Guidance to Licensees on Uyghur Forced Labor


July 22, 2020

Dear Colleagues,
Please find here a summary of the WRC’s guidance to licensees concerning the steps necessary to meet university labor standards, in light of the forced labor crisis in the Xinjiang Uyghur Autonomous Region (“XUAR”) of China. We will send the guidance to all licensees next week.
We appreciate universities’ recognition of the extraordinary gravity of the human rights violations unfolding in the XUAR and the challenge this creates for the collegiate supply chain. We recently updated you on new reports of atrocities, including the forced sterilization of Uyghur women. As you know, the Chinese government has rounded up more than one million Uyghurs and other Turkic and Muslim people in forced labor camps, the largest internment of an ethnic and religious minority since World War II.
Evidence continues to arise of goods made with Uyghur forced labor entering the US market, including a New York Times investigation, for which the WRC provided analysis, documenting the use of forced labor to make face masks.
In short, we are advising licensees that the following actions are necessary to ensure they are not putting university logos on garments made with forced labor:

  1. Ensure that no fabric, yarn, cotton, or other material from the XUAR is being used to make collegiate apparel. The WRC will ask licensees to show, via supplier disclosure data, that their collegiate supply chain is free of XUAR yarn within six months and cotton within 12 months;
  2. Immediately stop sourcing university logo goods from companies that are implicated in forced labor in the XUAR;
  3. Immediately instruct suppliers in China outside of the XUAR not to use labor from the XUAR supplied by the Chinese government’s labor transfer scheme; and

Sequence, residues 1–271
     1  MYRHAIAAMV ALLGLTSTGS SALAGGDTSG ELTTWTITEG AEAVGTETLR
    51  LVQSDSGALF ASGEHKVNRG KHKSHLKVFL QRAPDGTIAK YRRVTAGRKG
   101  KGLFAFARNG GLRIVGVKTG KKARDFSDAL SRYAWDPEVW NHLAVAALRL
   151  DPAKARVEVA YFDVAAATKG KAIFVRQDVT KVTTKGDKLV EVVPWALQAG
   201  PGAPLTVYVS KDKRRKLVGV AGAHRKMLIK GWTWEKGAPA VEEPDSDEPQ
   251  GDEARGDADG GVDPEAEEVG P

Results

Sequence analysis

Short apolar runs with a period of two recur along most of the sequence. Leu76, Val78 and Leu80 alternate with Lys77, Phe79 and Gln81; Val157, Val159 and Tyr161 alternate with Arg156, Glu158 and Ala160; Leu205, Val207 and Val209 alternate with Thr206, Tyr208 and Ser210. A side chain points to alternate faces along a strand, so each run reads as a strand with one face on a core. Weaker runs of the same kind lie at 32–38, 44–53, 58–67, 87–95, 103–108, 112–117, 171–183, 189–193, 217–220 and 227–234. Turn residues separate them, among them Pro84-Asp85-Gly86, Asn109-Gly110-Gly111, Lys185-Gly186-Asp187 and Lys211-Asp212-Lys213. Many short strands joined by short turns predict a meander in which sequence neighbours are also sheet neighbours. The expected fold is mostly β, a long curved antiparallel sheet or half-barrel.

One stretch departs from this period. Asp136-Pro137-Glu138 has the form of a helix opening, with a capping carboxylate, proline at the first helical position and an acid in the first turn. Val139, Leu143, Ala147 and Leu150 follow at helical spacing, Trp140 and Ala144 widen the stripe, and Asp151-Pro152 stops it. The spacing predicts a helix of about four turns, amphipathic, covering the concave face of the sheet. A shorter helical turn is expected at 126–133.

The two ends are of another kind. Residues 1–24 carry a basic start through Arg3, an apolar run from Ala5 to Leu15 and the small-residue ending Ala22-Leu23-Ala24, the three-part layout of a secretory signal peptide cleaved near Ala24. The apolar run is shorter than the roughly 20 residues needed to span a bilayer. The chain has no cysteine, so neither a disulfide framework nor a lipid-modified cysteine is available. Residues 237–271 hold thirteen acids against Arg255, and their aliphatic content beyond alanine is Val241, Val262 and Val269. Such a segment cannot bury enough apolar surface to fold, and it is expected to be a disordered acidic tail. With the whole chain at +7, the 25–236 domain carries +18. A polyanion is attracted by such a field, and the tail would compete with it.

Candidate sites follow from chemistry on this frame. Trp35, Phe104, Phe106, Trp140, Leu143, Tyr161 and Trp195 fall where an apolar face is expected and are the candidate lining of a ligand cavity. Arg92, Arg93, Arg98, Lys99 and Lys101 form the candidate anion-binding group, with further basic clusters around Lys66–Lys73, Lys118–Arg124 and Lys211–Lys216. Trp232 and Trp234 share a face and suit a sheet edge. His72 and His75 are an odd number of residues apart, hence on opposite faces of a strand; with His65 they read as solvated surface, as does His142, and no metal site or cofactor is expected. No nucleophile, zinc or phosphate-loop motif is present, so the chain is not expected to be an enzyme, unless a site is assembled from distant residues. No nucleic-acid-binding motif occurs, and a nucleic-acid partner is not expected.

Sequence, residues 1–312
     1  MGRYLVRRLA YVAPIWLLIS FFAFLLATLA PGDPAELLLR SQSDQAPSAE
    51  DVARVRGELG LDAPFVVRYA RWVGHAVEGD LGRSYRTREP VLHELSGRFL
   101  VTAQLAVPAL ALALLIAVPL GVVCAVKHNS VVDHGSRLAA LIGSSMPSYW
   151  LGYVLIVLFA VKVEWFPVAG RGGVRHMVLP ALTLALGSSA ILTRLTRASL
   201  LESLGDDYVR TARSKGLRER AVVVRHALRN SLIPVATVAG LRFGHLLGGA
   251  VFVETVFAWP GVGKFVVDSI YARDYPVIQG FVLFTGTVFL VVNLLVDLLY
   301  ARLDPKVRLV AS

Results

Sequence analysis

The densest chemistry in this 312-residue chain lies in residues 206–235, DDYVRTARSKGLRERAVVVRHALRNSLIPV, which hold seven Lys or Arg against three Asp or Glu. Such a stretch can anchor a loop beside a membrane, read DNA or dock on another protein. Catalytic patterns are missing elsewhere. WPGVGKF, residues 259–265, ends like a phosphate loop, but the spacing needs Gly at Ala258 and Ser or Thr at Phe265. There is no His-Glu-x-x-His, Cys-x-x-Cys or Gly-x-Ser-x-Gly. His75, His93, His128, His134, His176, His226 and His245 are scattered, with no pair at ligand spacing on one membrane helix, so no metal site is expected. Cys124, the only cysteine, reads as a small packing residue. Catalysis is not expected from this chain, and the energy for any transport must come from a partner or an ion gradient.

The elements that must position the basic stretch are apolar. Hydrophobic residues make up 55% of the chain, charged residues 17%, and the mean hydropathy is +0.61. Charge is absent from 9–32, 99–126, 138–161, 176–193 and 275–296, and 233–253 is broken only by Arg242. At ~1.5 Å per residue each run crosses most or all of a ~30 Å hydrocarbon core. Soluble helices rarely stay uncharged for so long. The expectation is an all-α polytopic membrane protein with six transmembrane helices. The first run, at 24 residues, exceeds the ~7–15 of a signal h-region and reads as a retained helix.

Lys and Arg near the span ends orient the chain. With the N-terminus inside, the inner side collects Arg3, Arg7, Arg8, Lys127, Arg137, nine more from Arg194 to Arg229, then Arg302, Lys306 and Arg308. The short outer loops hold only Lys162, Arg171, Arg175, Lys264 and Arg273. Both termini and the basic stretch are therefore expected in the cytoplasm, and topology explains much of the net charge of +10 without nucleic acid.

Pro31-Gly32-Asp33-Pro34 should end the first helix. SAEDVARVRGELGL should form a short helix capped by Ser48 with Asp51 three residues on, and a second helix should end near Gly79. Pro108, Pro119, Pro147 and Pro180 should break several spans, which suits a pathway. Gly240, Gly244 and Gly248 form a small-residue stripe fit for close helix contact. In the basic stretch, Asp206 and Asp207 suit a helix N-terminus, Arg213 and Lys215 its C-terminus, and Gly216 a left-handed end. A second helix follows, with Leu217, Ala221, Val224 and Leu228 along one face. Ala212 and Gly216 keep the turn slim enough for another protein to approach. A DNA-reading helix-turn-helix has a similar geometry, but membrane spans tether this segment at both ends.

4. Disclose all entities in China utilized in the production of collegiate goods, including sources of cotton and yarn. The WRC will work with licensing agents to assist licensees in providing this disclosure.

It should be noted that the WRC is not recommending any new standards or policies to universities. Collegiate codes of conduct already prohibit forced labor. We are advising licensees on steps needed to comply with that prohibition given the situation in the XUAR.

Based on our consultations with licensees, it is clear that some will be able to complete these steps relatively quickly. The process may be more challenging for others. The human rights abuses are so egregious, and the risks to the university supply chain so severe, that decisive action by licensees is essential, even where the work proves difficult.

Finally, as we have previously reported, the WRC continues to work with a broad network of human rights, labor rights, and Uyghur organizations to develop broader recommendations for the apparel industry, beyond the university sphere. These recommendations will be announced later this week.

As always, please let us know if you have questions or would like to discuss this information.


Scott Nova
Penelope Kyritsis
Ben Hensler